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A History of the Reformation (Vol. 2 of 2)

Accompanied by Farel and Calvin


The

deputies of Bern accepted the commission, and the Geneva pastors went back to Bern to await the arrival of the Bern deputies from Zurich. They waited, full of anxiety, for nearly fourteen days. Then the Bern Council were ready to fulfil the request of the Synod.[142] Deputies were appointed, and, accompanied by Farel and Calvin, set out for Geneva. The two pastors waited on the frontier at Noyon or at Genthod while the deputies of Bern went on to Geneva. They had an audience of the Council (May 23rd), were told that the Council could not revoke what all three Councils had voted. The Council of the Two Hundred refused to recall the pastors. The Council General (May 26th) by a unanimous vote repeated the sentence of exile, and forbade the three pastors (Farel, Calvin, and Coraut) to set foot on Genevan territory.

Driven from Geneva, Calvin would fain have betaken himself to a quiet student life; but he was too well known and too much valued to be left in the obscurity he longed for. Strassburg claimed him to minister to the French refugees who had settled within its protecting walls. He was invited to attend the Protestant conference at Frankfurt; he was present at the union conferences at Hagenau, at Worms, and at Regensburg. There he met the more celebrated German Protestant divines, who welcomed him as they had done no one else from Switzerland. Calvin put himself right with them theologically by signing at once and without solicitation the

Augsburg Confession, and aided thereby the feeling of union among all Protestants. He kindled in the breast of Melanchthon one of those romantic friendships which the frail Frenchman, with the pallid face, black hair, and piercing eyes, seemed to evoke so easily. Luther himself appreciated his theology even on his jealously guarded theory of the Sacrament of the Holy Supper.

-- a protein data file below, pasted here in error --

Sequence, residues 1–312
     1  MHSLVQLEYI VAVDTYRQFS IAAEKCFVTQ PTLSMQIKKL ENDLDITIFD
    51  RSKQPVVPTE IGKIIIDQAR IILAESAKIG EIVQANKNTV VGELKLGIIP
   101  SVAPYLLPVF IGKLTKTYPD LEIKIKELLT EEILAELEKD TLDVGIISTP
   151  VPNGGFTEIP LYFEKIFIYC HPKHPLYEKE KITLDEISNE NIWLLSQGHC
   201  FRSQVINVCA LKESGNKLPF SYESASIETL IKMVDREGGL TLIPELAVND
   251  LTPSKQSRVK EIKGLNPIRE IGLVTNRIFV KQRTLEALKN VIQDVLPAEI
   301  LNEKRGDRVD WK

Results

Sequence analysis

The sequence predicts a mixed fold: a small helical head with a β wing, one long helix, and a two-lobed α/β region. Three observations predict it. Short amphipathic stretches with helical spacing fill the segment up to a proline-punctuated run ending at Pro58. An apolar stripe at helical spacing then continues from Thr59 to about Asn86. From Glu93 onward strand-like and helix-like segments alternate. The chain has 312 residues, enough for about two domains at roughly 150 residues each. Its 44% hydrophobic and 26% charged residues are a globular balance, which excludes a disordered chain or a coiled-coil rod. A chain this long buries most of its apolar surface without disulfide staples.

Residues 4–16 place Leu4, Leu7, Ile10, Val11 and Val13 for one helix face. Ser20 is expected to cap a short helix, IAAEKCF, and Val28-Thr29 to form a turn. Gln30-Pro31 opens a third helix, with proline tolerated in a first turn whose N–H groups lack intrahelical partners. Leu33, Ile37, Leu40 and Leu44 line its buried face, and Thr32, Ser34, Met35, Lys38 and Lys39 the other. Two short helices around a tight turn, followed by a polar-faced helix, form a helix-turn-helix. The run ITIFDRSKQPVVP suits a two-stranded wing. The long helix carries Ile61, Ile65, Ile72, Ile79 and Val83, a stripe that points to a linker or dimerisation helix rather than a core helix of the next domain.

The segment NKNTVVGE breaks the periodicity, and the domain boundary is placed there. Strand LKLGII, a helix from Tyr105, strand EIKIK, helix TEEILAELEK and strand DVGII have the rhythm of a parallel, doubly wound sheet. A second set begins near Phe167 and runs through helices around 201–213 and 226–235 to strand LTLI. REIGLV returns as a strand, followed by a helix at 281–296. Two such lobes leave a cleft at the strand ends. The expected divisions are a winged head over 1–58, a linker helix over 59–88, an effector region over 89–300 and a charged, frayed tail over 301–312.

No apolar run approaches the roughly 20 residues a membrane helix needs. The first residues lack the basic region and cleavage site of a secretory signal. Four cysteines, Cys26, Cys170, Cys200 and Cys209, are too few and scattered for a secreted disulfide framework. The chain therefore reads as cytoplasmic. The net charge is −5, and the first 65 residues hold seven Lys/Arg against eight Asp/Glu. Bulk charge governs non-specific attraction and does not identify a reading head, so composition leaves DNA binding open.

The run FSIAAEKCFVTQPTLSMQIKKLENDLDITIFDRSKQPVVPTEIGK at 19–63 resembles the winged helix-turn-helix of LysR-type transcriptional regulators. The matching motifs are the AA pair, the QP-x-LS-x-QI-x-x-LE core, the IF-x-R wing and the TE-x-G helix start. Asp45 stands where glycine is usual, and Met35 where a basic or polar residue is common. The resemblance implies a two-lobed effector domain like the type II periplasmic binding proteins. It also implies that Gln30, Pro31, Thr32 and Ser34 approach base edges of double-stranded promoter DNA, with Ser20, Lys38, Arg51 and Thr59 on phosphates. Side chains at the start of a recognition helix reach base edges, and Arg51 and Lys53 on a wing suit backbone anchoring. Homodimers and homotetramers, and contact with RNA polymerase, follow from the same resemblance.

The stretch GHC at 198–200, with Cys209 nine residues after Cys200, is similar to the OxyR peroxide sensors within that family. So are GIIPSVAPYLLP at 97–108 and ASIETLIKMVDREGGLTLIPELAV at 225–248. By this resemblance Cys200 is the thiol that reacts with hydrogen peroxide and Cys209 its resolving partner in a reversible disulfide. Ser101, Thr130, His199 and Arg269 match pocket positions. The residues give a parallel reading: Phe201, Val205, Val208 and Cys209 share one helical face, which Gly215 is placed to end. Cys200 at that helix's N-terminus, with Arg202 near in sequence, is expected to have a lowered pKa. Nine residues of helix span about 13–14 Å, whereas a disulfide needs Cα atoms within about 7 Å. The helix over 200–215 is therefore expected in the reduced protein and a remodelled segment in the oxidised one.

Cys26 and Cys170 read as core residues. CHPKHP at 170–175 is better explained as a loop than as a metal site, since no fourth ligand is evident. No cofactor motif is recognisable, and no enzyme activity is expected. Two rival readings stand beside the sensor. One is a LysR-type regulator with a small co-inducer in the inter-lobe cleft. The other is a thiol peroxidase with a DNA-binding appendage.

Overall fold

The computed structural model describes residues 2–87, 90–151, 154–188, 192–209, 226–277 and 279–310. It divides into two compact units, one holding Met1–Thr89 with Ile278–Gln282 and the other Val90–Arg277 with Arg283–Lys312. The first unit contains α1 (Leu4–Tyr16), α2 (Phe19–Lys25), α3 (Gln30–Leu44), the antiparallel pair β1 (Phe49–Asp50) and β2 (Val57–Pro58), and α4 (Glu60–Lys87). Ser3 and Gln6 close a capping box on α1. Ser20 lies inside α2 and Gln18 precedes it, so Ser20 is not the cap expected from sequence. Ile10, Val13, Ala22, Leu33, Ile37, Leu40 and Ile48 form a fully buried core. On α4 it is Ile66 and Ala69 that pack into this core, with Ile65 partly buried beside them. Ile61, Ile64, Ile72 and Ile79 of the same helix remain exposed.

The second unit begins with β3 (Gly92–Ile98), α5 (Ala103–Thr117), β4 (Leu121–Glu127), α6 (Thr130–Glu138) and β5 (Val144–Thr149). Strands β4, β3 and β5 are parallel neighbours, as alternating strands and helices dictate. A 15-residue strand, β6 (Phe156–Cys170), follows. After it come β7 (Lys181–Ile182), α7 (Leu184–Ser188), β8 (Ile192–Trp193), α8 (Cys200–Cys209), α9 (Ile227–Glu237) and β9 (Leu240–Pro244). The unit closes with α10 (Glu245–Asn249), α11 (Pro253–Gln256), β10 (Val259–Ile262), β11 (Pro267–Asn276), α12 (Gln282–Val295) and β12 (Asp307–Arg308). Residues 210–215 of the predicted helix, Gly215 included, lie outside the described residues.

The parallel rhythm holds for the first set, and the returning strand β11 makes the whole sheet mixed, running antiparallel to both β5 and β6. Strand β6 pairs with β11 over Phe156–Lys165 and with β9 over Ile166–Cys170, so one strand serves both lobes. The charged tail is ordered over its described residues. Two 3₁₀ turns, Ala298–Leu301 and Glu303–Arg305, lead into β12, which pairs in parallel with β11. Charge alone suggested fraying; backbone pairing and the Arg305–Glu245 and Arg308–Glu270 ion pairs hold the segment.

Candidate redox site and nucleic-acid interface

Meanwhile things were not going well in Geneva. Outwardly, there was not much difference. Pastors ministered in the churches of the town, and the ordinary and ecclesiastical life went on as usual. The magistrates enforced the _Articles_; they condemned the Anabaptists, the Papists, all infringements of the sumptuary and disciplinary laws of the town. They compelled every householder to go to church. Still the old life seemed to be gone. The Council and the Syndics treated the new pastors as their servants, compelled them to render strict obedience to all their decisions in ecclesiastical matters, and considered religion as a political affair. It is undoubted that the morals of the town became worse,--so bad that the pastors of Bern wrote a letter of expostulation to the pastors in Geneva,[143]--and the Lord's Supper seems to have been neglected. The contests between parties within the city became almost scandalous, and the independent existence of Geneva was threatened.[144]

At the elections the Syndics failed to secure their re-election. Men of more moderate views were chosen, and from this date (Feb. 1539) the idea began to be mooted that Geneva must ask Calvin to return. Private overtures were made to him, but he refused. Then came letters from the Council, begging him to come back and state his terms. He kept silence. Lausanne and Neuchatel joined their entreaties to those of Geneva. Calvin was not to be persuaded. His private letters reveal his whole mind. He shuddered at returning to the turbulent city. He was not sure that he was fit to take charge of the Church in Geneva. He was in peace at Strassburg, minister to a congregation of his own countrymen; and the pastoral tie once formed was not to be lightly broken; yet there was an undercurrent drawing him to the place where he first began the ministry of the Word. At length he wrote to the Council of Geneva, putting all his difficulties and his longings before them--neither accepting nor refusing. His immediate duty called him to the conference at Worms.


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